I am relatively new to investing and would like to look into some of the details of a few companies. As one example, we can use DAL.

To assess the financial future of the company, it would be important to know the exact debt structure. Namely, how much will the company owe in debt payments - including both interest and principal - by a given date. Given that debt is given out at different rates at different times to different investors, it may not be easy to calculate this, but is the information with which this can be calculated publicly available at all?


Not completely. You can find publicly-issued debt and, if they are public, the last financial statement's numbers for liabilities; however, this may miss any new debt issued or incurred from a bank, payables, and other leases which have changed since the last filing.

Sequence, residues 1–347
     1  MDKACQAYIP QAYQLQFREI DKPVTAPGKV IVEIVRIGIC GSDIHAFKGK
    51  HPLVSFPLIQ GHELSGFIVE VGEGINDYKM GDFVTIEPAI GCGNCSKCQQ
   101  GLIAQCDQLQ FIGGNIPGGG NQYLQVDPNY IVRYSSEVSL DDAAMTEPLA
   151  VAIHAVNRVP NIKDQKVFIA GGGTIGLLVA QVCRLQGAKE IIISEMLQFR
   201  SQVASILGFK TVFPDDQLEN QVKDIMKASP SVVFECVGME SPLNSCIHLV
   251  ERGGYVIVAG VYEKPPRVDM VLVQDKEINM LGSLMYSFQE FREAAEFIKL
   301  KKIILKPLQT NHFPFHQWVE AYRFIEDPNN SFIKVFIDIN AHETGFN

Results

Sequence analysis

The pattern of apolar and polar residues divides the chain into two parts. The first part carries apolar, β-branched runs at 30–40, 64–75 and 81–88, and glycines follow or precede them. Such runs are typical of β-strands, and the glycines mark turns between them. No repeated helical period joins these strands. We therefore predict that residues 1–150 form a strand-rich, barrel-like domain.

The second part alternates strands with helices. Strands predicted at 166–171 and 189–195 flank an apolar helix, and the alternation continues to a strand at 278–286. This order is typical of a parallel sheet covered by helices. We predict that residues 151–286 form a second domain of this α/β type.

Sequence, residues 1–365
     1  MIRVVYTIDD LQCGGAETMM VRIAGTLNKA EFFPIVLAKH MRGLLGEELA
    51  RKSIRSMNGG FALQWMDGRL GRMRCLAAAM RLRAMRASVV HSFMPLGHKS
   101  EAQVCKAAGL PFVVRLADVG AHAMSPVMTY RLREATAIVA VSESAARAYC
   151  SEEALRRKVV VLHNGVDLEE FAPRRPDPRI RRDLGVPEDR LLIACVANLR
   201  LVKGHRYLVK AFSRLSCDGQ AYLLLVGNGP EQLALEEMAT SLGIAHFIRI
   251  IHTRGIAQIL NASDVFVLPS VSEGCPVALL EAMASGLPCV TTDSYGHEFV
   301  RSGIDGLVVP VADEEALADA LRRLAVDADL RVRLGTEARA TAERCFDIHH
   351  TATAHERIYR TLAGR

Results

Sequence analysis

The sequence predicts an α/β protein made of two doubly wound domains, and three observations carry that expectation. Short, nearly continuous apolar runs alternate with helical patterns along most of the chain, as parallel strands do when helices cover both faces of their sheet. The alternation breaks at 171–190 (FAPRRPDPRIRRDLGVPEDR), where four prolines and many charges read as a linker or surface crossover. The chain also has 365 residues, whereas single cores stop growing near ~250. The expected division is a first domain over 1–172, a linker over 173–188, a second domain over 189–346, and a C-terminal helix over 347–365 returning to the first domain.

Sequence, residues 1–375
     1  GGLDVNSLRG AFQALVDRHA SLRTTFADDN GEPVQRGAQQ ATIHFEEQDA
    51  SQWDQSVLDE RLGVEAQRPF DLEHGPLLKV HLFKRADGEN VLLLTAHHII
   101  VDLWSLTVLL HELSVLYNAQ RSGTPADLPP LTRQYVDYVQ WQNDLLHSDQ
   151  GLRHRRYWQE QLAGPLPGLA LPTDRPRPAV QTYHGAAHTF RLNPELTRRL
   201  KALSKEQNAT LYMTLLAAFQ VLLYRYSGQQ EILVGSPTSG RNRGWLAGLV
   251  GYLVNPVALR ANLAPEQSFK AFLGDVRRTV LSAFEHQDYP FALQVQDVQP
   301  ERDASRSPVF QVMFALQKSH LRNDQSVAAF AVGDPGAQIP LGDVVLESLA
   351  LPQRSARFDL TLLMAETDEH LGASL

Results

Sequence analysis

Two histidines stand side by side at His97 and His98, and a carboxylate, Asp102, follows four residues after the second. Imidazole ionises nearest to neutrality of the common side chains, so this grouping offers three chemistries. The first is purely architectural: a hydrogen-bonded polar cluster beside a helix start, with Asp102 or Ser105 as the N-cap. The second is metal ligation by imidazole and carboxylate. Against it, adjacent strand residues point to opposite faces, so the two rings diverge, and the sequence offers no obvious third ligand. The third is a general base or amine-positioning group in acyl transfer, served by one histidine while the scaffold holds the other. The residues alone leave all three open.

This also completely misses any shadow obligations: for example, some firms are required to keep a certain capital base in cash or liquid investments. If a firm falls below that threshold, they may have to sell off units, close some operations, or pay fines.

This is why in credit models of the firm (like the Merton and KMV models) debt may be uncertain or even estimated as effective debt which best explains the pricing throughout the capital structure (bonds, stock, and other debt).

  • $\begingroup$ Borrowers would file disclosure indicating incurrence of material financial obligation (assuming they're obligated by SEC rule). Although it may not be a clear view in a distress situation or where there is extensive use of off balance sheet arrangements, for the context of OP, debt would be generally visible in filings with supplement from sources like Bloomberg. Debt practitioners regularly do this exercise--this answer points OP toward overcomplicating a relatively simple corporate finance matter. $\endgroup$ – Kch Sep 18 '20 at 2:59
  • $\begingroup$ Exactly. Off-balance sheet is a major concern as is timeliness of information. This is not overcomplicating things unnecessarily: the KMV research papers devote a lot of effort to this very problem because it materially affects the credit risk estimated. $\endgroup$ – kurtosis Sep 18 '20 at 4:34

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